Published online by Cambridge University Press: 12 March 2014
The family of readability toposes, of which the effective topos is the best known, was discovered by Martin Hyland in the late 1970's. Since then these toposes have been used for several purposes. The effective topos itself was originally intended as a category in which various recursion-theoretic or effective constructions would live as natural parts of the higher-order type structure. For example the hereditary effective operators become the higher types over N (Hyland ), and effective domains become the countably-based domains in the topos (McCarty , Rosolini ). However, following the discovery by Moggi and Hyland that it contained nontrivial small complete categories, the effective topos has also been used to provide natural models of polymorphic type theories, up to and including the theory of constructions (Hyland , Hyland, Robinson and Rosolini , Scedrov , Bainbridge et al. ).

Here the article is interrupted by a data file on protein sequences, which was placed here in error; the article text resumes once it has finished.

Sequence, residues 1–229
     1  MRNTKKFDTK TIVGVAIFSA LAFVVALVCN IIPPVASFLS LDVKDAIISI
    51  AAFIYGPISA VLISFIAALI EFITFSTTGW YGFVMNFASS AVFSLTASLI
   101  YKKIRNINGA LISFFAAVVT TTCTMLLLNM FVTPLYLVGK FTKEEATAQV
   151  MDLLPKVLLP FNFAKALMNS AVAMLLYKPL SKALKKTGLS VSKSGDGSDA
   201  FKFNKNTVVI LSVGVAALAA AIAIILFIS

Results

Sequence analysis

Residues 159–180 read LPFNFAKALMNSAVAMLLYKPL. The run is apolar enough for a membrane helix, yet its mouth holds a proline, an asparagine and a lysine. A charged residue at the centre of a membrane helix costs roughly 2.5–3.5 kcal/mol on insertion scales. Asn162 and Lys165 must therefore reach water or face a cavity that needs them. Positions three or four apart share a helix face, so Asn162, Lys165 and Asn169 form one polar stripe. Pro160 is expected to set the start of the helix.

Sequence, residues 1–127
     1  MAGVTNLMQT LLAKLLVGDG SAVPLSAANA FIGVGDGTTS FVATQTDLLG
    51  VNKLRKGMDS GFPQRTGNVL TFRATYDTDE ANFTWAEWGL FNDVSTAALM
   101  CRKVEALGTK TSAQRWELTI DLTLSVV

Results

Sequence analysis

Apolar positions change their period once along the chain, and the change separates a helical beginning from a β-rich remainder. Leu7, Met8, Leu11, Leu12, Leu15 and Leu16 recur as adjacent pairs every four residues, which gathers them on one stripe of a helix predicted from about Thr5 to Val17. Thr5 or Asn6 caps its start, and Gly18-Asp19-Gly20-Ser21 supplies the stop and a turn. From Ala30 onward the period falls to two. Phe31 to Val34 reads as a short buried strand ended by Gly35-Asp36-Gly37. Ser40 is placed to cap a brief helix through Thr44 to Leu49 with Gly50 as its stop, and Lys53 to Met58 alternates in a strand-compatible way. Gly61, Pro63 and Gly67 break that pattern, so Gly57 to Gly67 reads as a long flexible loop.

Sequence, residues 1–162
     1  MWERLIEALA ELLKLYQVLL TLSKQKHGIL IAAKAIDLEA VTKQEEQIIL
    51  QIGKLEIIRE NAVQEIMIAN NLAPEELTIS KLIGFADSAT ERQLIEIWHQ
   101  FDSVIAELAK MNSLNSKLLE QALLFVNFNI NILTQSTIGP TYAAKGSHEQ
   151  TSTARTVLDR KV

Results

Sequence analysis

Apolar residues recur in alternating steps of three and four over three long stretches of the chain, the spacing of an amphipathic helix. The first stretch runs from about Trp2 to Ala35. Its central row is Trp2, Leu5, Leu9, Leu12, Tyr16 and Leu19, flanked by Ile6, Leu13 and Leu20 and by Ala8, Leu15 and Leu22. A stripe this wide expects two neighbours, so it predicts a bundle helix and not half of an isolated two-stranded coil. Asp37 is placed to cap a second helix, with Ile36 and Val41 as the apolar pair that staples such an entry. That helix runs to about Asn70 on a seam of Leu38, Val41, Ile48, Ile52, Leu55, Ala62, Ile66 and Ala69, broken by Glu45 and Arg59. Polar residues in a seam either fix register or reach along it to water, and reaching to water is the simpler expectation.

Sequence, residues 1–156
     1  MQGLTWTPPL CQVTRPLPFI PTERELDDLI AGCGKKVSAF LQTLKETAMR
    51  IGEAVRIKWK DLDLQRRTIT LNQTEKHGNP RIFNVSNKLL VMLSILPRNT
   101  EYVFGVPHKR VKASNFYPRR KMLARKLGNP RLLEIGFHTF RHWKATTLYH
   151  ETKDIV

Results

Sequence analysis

Over the years there have also been several different constructions of the topos. The original approach, as in Hyland , was to construct the topos by first giving a notion of Pω-valued set. A Pω-valued set is a set X together with a function =x: X × X → Pω. The elements of X are to be thought of as codes, or as expressions denoting elements of some “real underlying” set in the topos. Given a pair (x,x′) of elements of X, the set =x (x,x′) (generally written ) is the set of codes of proofs that the element denoted by x is equal to the element denoted by x′.